It's a strange place, truth be told. As you can probably tell, I had a pretty good time. But not all is perfect for all. Since around Christmas, electricity was cut off from the mainland. This doesn't mean there is no electricity, it just means that there are hundreds and hundreds of generators loudly growling and belching diesel into the 300 year old facades and intricately carved wooden doors of Stone Town, as well as every other settlement on the island. It's a real problem for the residents, many of whom have no running water without electric pumps. Those who could afford generators also needed to buy lots of diesel. A lot of Mzungus and other tourists shook their heads and said how the lack of solar power and presence of the fume belching generators just went to show how the local population only thinks in the short term. I think a lot of us forget how thinking in the long term costs more money than some of these people have.
It's something I've run up against in every tourist spot. It seems like a parallel world between the lives of locals struggling to get running water in town and the tourists sipping Evian in the restaurants. As a backpacker, you end up in some weird middle ground, eating with the locals because it's far cheaper, and then spending far more than they earn per month on things like scuba diving or a boat tour. It makes the two sides hard to ignore, even if you wanted to. Life on the edge of the bubble-- It's good to pop it when you can.
We spent time in three towns: Stone Town, the biggest and oldest settlement on the island, Jambiani, a south-eastern local shallow beach with a couple resorts lining the small village, and Nungwe, a better beach up north with a lot more tourists to show for it. To give you an idea, we were first persuaded to stay in Jambiani by the reaction of two Swiss guys we shared a taxi with from Stone Town. They took one look and said they were leaving to go back north to Nungwe because Jambiani looked boring.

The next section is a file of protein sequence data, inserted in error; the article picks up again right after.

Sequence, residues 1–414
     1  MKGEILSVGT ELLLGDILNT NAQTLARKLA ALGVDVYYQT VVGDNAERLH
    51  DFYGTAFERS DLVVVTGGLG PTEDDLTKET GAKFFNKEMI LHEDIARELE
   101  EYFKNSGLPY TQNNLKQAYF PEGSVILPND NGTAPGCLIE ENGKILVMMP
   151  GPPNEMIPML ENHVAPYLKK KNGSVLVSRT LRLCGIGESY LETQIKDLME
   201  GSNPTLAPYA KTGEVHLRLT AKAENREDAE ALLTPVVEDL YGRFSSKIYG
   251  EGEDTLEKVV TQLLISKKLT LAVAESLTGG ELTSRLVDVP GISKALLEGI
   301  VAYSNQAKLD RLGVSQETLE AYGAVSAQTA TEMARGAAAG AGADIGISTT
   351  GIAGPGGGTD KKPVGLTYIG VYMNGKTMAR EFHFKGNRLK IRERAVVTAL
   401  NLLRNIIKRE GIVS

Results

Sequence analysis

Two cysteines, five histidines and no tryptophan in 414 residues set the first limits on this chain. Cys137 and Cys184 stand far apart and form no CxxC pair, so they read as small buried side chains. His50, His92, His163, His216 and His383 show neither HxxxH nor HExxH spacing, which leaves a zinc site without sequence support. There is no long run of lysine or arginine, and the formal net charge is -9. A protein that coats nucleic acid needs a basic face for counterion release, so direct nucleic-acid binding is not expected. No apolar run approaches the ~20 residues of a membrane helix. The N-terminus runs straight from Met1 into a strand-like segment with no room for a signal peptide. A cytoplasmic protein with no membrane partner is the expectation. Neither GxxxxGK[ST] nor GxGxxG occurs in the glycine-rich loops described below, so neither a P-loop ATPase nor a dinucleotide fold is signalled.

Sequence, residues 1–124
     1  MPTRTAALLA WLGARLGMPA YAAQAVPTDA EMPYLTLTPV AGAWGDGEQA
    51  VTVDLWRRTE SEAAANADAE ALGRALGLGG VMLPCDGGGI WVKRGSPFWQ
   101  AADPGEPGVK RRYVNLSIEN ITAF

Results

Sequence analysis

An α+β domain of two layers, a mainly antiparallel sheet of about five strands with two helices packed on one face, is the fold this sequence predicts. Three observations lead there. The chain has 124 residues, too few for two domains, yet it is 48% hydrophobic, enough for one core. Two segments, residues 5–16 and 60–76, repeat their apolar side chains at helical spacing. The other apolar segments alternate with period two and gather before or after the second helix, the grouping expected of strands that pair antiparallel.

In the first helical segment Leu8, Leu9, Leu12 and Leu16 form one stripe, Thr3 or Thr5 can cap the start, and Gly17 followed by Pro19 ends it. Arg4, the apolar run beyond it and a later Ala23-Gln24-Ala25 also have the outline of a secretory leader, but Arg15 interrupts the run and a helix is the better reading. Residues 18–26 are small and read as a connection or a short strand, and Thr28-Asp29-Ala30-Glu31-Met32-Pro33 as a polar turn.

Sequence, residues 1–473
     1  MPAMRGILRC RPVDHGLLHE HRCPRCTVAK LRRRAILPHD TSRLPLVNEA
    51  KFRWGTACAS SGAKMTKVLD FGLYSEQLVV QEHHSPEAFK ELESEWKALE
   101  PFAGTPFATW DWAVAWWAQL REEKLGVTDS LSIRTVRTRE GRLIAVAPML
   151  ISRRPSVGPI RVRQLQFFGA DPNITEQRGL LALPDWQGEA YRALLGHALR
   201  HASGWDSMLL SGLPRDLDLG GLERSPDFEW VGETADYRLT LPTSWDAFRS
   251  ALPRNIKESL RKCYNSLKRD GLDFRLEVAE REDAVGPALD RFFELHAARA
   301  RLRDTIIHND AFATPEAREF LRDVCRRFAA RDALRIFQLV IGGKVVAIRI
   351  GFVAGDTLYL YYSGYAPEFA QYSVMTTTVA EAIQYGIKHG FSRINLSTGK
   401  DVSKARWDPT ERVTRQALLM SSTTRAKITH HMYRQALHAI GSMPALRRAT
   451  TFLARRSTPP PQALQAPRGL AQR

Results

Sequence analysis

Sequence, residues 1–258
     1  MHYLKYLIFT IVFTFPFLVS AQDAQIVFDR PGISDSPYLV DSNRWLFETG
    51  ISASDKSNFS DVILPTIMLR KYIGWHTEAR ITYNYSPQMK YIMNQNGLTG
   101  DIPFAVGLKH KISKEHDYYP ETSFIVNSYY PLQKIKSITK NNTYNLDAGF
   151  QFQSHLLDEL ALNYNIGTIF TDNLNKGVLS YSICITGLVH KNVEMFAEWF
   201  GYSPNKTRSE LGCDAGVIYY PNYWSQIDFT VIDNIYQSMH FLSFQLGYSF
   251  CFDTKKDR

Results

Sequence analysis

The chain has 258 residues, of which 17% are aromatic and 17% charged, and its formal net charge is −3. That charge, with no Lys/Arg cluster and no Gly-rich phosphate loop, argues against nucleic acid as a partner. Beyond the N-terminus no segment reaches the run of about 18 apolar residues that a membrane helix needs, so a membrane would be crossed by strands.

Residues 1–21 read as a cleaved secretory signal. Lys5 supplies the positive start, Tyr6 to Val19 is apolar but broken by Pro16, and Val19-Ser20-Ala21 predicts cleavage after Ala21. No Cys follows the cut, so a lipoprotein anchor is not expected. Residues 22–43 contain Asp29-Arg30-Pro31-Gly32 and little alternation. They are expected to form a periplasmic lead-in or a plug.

"I mean," one of them said, "there are people reading here." I couldn't tell from his tone if he saw this as more comparable to scratching tally marks in the side of a prison cell or to eating babies, but we got the gist and decided parting ways would make everyone happier.
We did later join them at the party beach, for Friday night (good dance party-- turns out it's a lot easier to do the moonwalk when you're standing on loose sand. Who knew?) But before that, the rest of us got to sit back, play cards and eat free fish curry by candlelight while we swapped stories. Some of the most interesting came from a Zambian guy who had taken up adventure racing, dodging venomous snakes, strict fundamentalist christian schoolmasters, and other assorted wildlife. Then later I would be sitting around the fire, chatting with volunteer nurses and medical students while some of the guys living there played bogo and djembe drums, singing, and dancing. That's when I'd start to wonder, when did this kind of thing stop becoming an exotic cultural experience and start becoming my social life?
And what happens when I come home?
I still don't have an exact end date, but the range is narrowing. I'm sitting on a plane ticket from Johannesburg to Casablanca at the beginning of April. It's the first one that's unquestionably pointed homewards. I do want to spend some time in Morocco before heading up into Spain and Portugal, but after that, if all goes to plan, my next move is across the Atlantic. Another run through Europe, maybe the British Isles, is sorely tempting, but I have been multiple times, and if there's one set of countries I can come back to later in life, it's Ireland and the UK. So that leaves one of the very few regions I haven't seen since September of 2008: the one stamped on the cover of my passport.
But in the meantime, I've got a lot of ground to cover, After long drives across gorgeous Tanzanian countryside (including a lot of giraffes and zebras), a bit of ugali and xima, and me getting crushed at checkers (I was never any good when flying kings were legal), I'm writing this far from Zanzibar on a completely different beach. A small black kitten is curled up, purring between me and my computer as I type. She lives a pretty nice life here on the shores of Lake Malawi. The length spans a big chunk of the country and its full of fish. Dinner time is soon, perhaps I should do something about those facts.
PS. just want to tell people that I'm sorry I haven't been responding to comments as usual-- internet out here in Sub-Aaharan Africa is finicky at best. Thanks for leaving the messages, and know that even if I'm not responding to all of them, I am reading them all.
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